Justice Dept. Questions Legitimacy of AT&T/T-Mobile Deal
The Department of Justice today said that AT&T's withdrawal of its application to acquire T-Mobile USA with the Federal Communications Commission puts into question whether or not the plan is still active. In AT&T's request to withdraw the application, it said in so doing it would either "abandon the transaction altogether" or submit a substantially changed new plan. These comments gave pause to the Justice Department, which wonders if there's even a case to now pursue. Richard Levie, a special master overseeing the DOJ’s antitrust case against the merger, says the DOJ can proceed. "The FCC-related activities have not … altered the status of this litigation," he wrote in an order today. "Although FCC approval is necessary for the proposed merger, so, too, is a favorable ruling from the federal court in this case. As there is no requirement of which the Special Master is aware that one approval must come before the other, the federal court case remains on track." The trial is set to start on February 13.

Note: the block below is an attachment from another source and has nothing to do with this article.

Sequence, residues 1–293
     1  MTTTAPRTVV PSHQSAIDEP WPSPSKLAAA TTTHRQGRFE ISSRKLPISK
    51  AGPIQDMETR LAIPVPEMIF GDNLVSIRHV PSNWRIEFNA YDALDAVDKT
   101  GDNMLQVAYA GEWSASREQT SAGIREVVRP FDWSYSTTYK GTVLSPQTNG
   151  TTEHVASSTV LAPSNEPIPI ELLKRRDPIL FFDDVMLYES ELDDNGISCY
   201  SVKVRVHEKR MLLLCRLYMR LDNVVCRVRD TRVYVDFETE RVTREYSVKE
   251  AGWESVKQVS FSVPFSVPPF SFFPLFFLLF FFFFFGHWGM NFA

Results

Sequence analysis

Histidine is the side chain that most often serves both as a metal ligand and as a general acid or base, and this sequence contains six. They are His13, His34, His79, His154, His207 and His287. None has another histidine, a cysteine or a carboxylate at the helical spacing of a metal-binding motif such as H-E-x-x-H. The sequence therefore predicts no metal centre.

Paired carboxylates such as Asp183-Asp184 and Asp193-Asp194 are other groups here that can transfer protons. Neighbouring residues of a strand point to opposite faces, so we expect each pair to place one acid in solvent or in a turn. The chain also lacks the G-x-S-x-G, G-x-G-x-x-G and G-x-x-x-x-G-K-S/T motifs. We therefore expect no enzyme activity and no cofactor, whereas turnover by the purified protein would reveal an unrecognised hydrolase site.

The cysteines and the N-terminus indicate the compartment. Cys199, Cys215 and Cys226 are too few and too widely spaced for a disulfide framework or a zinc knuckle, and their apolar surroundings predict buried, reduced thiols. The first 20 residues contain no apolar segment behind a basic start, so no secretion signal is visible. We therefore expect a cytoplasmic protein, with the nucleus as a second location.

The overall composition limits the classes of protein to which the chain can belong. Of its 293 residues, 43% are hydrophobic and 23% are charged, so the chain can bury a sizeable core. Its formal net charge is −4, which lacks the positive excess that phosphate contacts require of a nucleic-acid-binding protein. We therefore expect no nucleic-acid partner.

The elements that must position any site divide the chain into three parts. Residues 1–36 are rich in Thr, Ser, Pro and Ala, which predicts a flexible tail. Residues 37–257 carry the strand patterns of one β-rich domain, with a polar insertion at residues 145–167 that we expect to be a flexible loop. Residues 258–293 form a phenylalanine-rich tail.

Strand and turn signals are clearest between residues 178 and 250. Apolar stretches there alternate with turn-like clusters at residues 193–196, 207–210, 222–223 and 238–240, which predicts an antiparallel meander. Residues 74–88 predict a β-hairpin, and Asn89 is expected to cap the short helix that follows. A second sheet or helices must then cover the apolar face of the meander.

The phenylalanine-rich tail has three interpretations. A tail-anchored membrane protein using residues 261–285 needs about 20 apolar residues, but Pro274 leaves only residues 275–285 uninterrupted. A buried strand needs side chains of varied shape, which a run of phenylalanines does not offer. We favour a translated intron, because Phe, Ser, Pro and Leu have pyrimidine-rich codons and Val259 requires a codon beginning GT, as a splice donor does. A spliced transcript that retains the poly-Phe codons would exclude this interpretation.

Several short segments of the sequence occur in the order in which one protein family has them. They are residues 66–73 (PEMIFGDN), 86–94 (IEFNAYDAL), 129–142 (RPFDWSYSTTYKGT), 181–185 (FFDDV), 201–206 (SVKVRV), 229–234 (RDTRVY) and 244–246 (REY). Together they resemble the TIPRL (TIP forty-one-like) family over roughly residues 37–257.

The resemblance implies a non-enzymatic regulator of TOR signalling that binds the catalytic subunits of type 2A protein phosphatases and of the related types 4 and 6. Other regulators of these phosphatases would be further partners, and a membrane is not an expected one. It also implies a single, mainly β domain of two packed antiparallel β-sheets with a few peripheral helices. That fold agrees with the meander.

AT&T Wins Again
The WORSE part of this whole deal is the ammount of tax payer money that's going into trying to prevent AT&T from trying to monopolize the cell phone industry as they did with landlines back in the 80's and 90's.
I believe you need to read your history a little better so you know the telecommunications industry better.
The Ma Bell breakup was initia...